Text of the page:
Insights: Morton S. Bouchard III
Insights: Morton S. Bouchard III - President and CEO, Bouchard Transportation Co., Inc.
When it comes to iconic, East Coast mainstays of the U.S. maritime industry, probably one of the first names that come to mind is ‘Bouchard.’ Likewise, Morton S. Bouchard III, who has served as President of Bouchard Transportation Co., Inc., the nation’s largest independently-owned oceangoing petroleum barge company since 1996, also needs no introduction to Marine News [and Marine Link] readers. Bouchard’s CEO since 1999, he is the fourth generation of Bouchards to lead the company since its incorporation in 1918. Promoted to President at the tender age of 32, Mr. Bouchard has continued the family tradition of investing profits in cutting edge equipment and following the passage of the Oil Pollution Act of 1990, he instituted the first double hull barge construction program in the United States. The company began building flat deck double hull ocean-going petroleum barges in 1992 and under Mr. Bouchard’s leadership, continues to do so. Beyond this, Bouchard’s ongoing fleet expansion includes the construction of two 6000-hp ATB tugs, both of which will join two ATB units currently under construction. Closer to home, and building on an All-American career in Lacrosse, his robust philanthropy for his high school and college alma maters has benefited a generation of scholar athletes on Long Island, NY, and beyond. But Bouchard’s commitment to education and mariner training extends far beyond the playing fields. The Bouchard Transportation Company, Inc., Tug & Barge Simulation Center is nearing completion at SUNY Maritime College’s Throggs Neck campus. Available to SUNY Maritime College students as part of their program of study, and to outside tug and barge companies for employee training, the facility mirrors Bouchard’s resolve to create a safer workplace and a cleaner environment. In 2011, Mr. Bouchard established the Morton S. Bouchard Jr. Scholarship Program at SUNY Maritime in memory of his father. A staunch supporter of the maritime industry, Bouchard also serves on the Board of Directors of both the American Maritime Partnership and of the American Steamship Owners Mutual Protection and Indemnity Association, Inc. All that said; it is clear that Bouchard Transportation’s storied history is only part of the story. As far as Morton S. Bouchard III is concerned, what comes next is just as important. Listen in this month as he talks about how things get done; the ‘Bouchard’ way.
Running a fleet in today’s increasingly regulated environment can’t be easy. If you had to point to one aspect of this business that is the most challenging, then what would that be?
The biggest challenges in running Bouchard Transportation fall into two categories; the first being the ever-changing regulations and the second being the continuous attempts to open the Jones Act. When a company makes an investment in an asset, it does so in compliance with the existing regulations so that the asset will last for its useful lifespan, if not longer. Lately, the worldwide regulatory agencies have been trying to implement changes without regard for the companies that made these investments in accordance with the regulations in place. I am all for modernization, and of course I too want a clean environment, but there has to be some consideration for these older assets that were built in compliance with the standard at the time, and now must be upgraded or scrapped without even a tax credit. The continuous failed attempts by companies to circumvent the Jones Act are also amazing to me. This legislation will not change. From our inception, Bouchard has invested well over five billion dollars in vessels built in the United States, crewed by United States seamen and owned by the Bouchard family. During the past few years, Bouchard has again invested well over one billion dollars in new equipment. This investment could have certainly been cheaper if built in foreign shipyards. However, consider all the jobs that were created and the taxes that Bouchard and the shipyard paid, again, in compliance with existing regulations, which gets back to my first issue in managing Bouchard - it all comes full circle. And as for the oil industry’s complaint that rates are too high, I didn’t hear them complaining years ago when owners were losing money. The Jones Act was fine then.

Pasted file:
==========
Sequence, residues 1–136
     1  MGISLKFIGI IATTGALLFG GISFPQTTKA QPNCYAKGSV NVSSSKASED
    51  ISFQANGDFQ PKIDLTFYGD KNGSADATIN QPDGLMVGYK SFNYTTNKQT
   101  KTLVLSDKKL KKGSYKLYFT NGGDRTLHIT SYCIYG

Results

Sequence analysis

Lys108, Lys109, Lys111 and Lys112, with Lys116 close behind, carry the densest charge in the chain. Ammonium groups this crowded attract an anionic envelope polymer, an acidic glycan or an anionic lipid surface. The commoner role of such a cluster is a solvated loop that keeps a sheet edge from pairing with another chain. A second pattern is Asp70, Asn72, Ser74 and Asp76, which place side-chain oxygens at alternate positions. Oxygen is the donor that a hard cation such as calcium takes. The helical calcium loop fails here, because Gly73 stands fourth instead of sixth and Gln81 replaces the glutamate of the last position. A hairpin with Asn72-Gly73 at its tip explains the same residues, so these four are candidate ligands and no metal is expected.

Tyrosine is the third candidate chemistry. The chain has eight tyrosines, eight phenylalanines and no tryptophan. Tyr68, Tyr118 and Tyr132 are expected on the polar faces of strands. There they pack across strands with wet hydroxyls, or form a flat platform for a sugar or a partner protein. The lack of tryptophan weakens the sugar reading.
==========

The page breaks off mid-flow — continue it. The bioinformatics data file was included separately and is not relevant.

Many global operators are moving towards the practice of so-called “simulation based competency assessments.” The more stringent assessments of skill, performed under realistic conditions, are changing the way deck officers in particular are trained – and assessed. Is Bouchard moving towards this practice?
Bouchard Transportation implemented this practice years ago. All Bouchard vessel employees must go through a training session before being fully employed. This is followed by a probation period during which evaluations are performed by the captain. Bouchard wheelhouse personnel are subject to the strictest hiring practices in the industry, and our safety record is a direct result of these practices.
What’s the biggest change you’ve seen in the maritime business since you became involved on the water?
I started working on Bouchard vessels in 1974 when I was in high school. That is 40 years ago. The biggest change I have seen is in the education of the vessel employees. The employees today are much more aware of the importance of performing their duties in a safe manner, and only in a safe manner. I can confidently state that Bouchard vessel employees are the best Jones Act seamen. They are educated on all safety policies and procedures, and without them, Bouchard would not be able to continue to grow. I firmly believe, as does our management team, that we must not only invest in new modern equipment, but also invest in our employees.
What would you say is the biggest change you personally brought to Bouchard since taking the helm in 1996? Why did you set out on that course?
The biggest change that I brought to Bouchard has been to keep the company going. I still remember very clearly a meeting I had with my father after OPA 90 was passed. My father and I had a very close relationship within Bouchard, and outside of the company, and I miss him every day. We had lunch and he threw the OPA 90 regulation on the table and asked if I read it. I told him not the entire legislation but parts, and he responded he wanted to sell the company. The legislation scared him with its statements on criminal liability and double hulls. I responded, “Why don’t we just build double hulls?” We started doing that in 1992 and continue to do so today. Bouchard was also the first company to install Intercon on vessels. Hence, the biggest changes I am responsible for at Bouchard include becoming the first company to build double hulls, the first company to install Intercon and the first company to take an aggressive approach in educating our employees on the importance of safe operations.